Silent cerebral infarction after TEVAR implies high risk of cerebral injury

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Anisha Perera
Anisha Perera

A study that examined the incidence of cerebral microembolization and silent cerebral infarction after thoracic endovascular aneurysm repair (TEVAR) concluded that two-thirds of patients undergoing MRI had evidence of silent cerebral infarction­—a previously unrecognised burden. 

This implies that the risk of cerebral injury following TEVAR is higher than is presently recognised, the researchers pointed out.

Anisha H Perera, Vascular Surgery, Imperial College London, London, UK, presented the results of the study, which investigated the incidence of cerebral microembolization and silent cerebral infarction in patients undergoing TEVAR at CIRSE 2014.

“Overt clinical stroke occurs in 2–8% patients undergoing TEVAR. Silent cerebral infarction, a brain injury detected incidentally on imaging, is now recognised to contribute to cognitive decline and as a predictor of future stroke, dementia and depression,” the authors wrote in the abstract.

Perera and colleagues evaluated preoperative CT aortograms for aortic atheroma graded 1–5. They also performed an intraoperative transcranial Doppler of bilateral middle cerebral arteries to identify microembolic events. A subgroup underwent pre- and postoperative cerebral MRI to identify silent cerebral infarction. The study included data from 25 patients, 16 of whom TEVAR only; a further three underwent TEVAR and a carotid-subclavian bypass and six patients underwent arch/visceral hybrid procedures.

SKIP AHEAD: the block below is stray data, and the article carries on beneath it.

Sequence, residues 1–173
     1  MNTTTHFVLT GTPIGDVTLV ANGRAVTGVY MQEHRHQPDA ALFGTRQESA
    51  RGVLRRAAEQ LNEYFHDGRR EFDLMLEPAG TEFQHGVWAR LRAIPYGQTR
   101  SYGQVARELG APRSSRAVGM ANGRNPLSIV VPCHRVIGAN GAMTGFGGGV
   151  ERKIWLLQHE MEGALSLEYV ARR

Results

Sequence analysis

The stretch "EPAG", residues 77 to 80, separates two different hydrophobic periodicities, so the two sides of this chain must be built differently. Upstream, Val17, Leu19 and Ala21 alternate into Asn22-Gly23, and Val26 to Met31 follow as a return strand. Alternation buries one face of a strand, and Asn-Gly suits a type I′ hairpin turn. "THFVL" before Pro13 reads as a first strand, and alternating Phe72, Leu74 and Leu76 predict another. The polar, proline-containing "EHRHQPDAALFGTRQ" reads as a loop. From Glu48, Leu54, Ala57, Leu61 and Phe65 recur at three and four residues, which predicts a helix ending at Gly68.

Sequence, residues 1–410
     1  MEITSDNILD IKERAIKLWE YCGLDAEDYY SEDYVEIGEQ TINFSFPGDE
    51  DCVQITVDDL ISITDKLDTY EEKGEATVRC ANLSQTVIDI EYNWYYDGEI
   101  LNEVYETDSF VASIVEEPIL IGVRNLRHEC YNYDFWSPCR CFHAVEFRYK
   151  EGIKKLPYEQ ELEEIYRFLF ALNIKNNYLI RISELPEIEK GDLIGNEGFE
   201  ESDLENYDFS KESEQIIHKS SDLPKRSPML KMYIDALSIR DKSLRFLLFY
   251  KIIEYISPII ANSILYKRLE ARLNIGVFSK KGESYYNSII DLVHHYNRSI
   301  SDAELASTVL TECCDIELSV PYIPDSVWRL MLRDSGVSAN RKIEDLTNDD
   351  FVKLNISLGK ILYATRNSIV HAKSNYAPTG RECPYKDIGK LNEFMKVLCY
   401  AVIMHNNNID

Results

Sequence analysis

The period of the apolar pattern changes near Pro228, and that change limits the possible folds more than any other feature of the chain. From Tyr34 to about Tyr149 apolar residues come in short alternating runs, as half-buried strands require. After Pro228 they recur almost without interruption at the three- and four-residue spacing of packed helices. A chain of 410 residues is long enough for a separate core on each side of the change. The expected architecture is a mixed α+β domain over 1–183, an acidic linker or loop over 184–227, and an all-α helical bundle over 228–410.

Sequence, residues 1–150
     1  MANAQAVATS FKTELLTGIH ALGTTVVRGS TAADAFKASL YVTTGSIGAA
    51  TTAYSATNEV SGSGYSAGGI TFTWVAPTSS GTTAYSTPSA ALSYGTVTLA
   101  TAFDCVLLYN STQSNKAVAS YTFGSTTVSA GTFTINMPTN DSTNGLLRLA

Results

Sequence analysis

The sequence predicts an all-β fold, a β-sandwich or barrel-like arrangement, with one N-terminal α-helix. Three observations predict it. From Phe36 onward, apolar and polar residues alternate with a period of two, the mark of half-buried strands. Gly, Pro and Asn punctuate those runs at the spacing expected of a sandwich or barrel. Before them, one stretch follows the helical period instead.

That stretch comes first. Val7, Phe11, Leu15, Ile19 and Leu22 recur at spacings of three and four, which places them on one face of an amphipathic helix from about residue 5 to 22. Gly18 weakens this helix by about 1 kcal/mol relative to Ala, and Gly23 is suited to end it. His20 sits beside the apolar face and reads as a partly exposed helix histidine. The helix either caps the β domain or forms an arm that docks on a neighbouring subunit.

The results showed that microemboli were detected in all cases, and more frequently a) in patients with severe aortic atheroma (grade 4–5; p=0.02); b) left middle cerebral artery compared to right (p=0.003) and (c) treatment /stent graft-related compared with diagnostic wire/catheter passage (p=0.001).

Stent-graft deployment generates high numbers of microemboli

Perera told delegates that the researchers had identified microemboli per procedural step. There were seven median emboli (interquartile range 4–17) associated with wire usage; 20 (9–33) with catheter manipulation; 34 (17–101) with contrast injection; four (3–8) with stent-graft insertion; 12 (2–28) with stent graft manipulation,); 50 (24–141 with stent graft deployment; and four (2–7) with device removal.

There were two post-operative strokes (8%), and silent cerebral infarction was observed in two- thirds (8/12) patients undergoing MRI.

“This study has identified high-risk patients and procedural phases, which will determine future strategies to minimise cerebral injury,” Perera told delegates.

“By prompting more questions than it provides answers, this interesting study opens our eyes to the wide range of opportunities to better understand the range and importance of the risks and limitations of current thoracic aortic interventions,” said Michael Dake, Stanford University School of Medicine, Stanford, California, USA .

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